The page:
Term life insurance: what about it?

4 October 2020

It is a type of “elephant in the room” subject: is your estate large enough and liquid enough to provide for your family should you die? It is the combination of the two that often causes challenges.

In some households there are two incomes; if one falls away there is at least one. But what if the one falling away provides for all the fixed expenses including housing? Does this death almost immediately causes drastic actions, like forcing the survivors to move house? Terrible thought.

Life insurance can act as a savings tool (the premiums you pay are invested and on an agreed date in the future you will receive a certain sum of money provided you are still amongst the living) or as a risk mitigant (the beneficiary you name will receive a certain sum of money if you die before a certain date). We call the latter a term life insurance and this is the subject of this article.

Part of the plan

We always say you should only insure financial risks you are unable to bear. If you have the money to bridge a temporary loss of income or to absorb a structural loss of income: please do not spend your money on insurance premiums!

Sometimes clients can afford the financial loss but not on a random moment; if the timing of the event is off, you can still run into difficulty if you need time to free the money. This happens a lot with home owners.

You should also consider entitlement to other state or employer insurance. As a Dutch taxpayer you also contribute funding for Survivor Pension. This temporary income is subject to certain qualifications but it can reduce the need to insure. Another example is a funeral insurance. This is a term life insurance aimed at covering the funeral expenses. Not a big sum, but it eliminates an unwelcome spike in expenses at a moment your household has more priorities to manage. Several parents have started this type of insurance for their children. When these children leave the nest, many continue this somewhat hidden protection (small fee) but if you have it you should not insure yourself more than once.

We financial planners are equipped to run financial scenarios to show potential financial gaps you can consider to mitigate. We create a base case and run the scenario that you die, or your partner dies. Some participate in pension schemes which include partner protection. But many do not. This process is useful for everybody. It shows where you are exposed and where not. So you can take actions where necessary.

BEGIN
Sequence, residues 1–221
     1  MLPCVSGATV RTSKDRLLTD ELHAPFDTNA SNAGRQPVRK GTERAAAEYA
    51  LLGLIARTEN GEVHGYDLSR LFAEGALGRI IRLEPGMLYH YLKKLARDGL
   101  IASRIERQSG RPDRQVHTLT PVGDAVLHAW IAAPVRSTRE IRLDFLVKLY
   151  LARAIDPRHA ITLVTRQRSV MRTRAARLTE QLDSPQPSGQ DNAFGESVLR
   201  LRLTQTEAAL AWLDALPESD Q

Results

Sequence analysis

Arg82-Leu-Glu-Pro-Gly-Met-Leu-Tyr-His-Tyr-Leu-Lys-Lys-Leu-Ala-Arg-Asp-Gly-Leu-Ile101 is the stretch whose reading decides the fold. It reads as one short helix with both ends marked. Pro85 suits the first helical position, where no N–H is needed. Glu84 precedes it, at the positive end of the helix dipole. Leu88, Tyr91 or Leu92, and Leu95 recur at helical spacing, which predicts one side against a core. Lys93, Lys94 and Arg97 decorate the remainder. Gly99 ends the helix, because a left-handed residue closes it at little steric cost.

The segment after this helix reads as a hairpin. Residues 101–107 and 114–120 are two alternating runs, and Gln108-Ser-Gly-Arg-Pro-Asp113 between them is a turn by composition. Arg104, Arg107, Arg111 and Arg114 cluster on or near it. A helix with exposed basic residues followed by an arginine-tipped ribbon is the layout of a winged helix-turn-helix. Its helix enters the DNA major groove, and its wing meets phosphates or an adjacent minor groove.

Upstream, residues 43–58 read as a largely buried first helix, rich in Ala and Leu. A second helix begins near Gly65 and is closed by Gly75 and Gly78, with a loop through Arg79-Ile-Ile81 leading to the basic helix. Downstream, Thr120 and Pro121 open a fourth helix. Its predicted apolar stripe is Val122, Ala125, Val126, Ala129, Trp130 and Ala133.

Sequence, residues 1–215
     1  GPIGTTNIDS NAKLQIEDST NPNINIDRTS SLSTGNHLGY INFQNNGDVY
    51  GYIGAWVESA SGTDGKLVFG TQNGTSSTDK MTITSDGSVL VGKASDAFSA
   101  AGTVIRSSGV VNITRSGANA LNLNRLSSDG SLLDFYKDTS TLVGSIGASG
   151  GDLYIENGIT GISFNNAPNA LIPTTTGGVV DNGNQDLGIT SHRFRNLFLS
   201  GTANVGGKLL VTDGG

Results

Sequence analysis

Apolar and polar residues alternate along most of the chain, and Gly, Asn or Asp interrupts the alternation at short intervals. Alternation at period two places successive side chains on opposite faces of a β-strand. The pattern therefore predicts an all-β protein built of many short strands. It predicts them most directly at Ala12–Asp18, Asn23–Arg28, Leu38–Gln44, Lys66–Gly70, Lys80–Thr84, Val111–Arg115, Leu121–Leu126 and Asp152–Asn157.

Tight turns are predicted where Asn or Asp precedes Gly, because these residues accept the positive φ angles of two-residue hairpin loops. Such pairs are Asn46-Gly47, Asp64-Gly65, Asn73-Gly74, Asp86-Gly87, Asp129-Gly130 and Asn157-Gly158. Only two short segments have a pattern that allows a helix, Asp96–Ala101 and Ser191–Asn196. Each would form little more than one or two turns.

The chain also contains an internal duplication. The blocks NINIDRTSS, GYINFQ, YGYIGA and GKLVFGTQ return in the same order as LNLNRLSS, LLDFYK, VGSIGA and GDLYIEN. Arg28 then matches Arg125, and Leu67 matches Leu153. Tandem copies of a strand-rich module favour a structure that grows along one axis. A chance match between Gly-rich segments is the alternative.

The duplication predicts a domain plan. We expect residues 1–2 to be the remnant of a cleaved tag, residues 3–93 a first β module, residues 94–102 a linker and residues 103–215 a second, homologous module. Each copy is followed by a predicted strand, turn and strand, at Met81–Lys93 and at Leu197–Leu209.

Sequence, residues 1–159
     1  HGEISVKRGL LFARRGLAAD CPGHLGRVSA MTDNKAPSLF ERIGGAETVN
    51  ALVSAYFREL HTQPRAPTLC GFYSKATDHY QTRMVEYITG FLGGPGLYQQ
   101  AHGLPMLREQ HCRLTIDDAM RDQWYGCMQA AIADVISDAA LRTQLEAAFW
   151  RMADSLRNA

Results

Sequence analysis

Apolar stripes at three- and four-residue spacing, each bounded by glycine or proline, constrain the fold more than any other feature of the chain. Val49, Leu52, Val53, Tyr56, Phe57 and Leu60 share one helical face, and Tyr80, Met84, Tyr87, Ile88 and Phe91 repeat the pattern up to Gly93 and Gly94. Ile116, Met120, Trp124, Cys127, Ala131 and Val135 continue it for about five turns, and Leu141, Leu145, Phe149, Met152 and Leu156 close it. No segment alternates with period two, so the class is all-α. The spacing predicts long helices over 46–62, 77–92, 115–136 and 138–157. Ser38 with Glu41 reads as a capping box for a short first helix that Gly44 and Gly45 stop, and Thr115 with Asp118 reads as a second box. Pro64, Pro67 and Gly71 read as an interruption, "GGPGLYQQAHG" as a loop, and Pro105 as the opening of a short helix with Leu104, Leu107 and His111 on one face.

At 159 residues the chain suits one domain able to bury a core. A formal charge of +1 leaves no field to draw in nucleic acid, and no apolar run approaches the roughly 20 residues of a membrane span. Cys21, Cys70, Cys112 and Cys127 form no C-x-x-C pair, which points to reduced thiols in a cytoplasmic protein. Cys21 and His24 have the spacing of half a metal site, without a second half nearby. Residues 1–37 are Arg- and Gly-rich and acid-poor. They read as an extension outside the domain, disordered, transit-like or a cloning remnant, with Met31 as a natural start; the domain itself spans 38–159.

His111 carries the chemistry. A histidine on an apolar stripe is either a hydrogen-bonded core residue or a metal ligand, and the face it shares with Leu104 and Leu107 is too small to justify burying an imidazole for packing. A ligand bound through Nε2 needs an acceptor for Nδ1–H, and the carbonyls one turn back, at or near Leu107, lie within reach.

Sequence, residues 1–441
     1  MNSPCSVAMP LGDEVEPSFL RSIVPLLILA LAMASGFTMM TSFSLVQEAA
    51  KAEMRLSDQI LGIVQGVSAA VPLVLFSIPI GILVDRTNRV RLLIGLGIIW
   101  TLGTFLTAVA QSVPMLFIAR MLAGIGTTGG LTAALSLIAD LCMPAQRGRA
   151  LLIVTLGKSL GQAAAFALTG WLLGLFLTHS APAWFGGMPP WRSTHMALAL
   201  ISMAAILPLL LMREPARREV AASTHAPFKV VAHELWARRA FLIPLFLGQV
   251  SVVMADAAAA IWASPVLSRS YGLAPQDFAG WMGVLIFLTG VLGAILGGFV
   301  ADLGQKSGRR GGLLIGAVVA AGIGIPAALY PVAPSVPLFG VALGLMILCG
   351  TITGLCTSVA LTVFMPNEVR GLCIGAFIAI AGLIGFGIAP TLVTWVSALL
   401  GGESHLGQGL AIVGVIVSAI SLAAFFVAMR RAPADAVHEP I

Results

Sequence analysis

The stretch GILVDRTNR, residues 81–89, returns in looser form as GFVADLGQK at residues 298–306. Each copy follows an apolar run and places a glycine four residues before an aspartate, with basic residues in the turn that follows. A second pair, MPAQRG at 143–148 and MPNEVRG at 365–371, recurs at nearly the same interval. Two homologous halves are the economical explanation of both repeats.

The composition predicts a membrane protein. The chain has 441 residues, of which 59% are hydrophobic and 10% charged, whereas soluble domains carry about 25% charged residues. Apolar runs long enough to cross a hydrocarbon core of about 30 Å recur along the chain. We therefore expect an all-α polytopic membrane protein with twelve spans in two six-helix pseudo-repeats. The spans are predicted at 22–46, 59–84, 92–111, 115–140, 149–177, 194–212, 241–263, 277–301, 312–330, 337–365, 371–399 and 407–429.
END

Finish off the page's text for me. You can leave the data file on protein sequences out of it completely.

Important aspects of term life insurance

Recently, the reputed DFO institute published its annual survey. The 2020 edition included 1,000 evaluations and qualitative interviews with mostly large intermediaries of term life insurance products. A couple of notable conclusions:

  • Prices of insurance have dropped at the expense of a) service, b) stricter terms to accept the insured risk so less fixed fee products going forward and c) potential deterioration of insured cover for expected riskier life events;
  • Large differences in cover and other terms
    • Permanent or temporary world event cover or restricted to a region
    • Riskier sports cover
    • Differences in temporary cover before final acceptance of cover by the insurer
    • Acceptance of recovered cancer patients
    • Early policy amount release if terminal illness is discovered

Estate planning aspects

For couples with separate estates (under prenuptial agreement) where the one separately pays the premiums for the term life insurance of the partner’s body, the term life proceeds are kept outside the inheritance for tax purposes. So this Dutch tax rule can steer a lot more (up to 20%) inheritance in the right direction.


The Dutch have a tendency to over-insure. You should not make that mistake but rather an informed decision aimed at achieving deliberate results of your financial plan/

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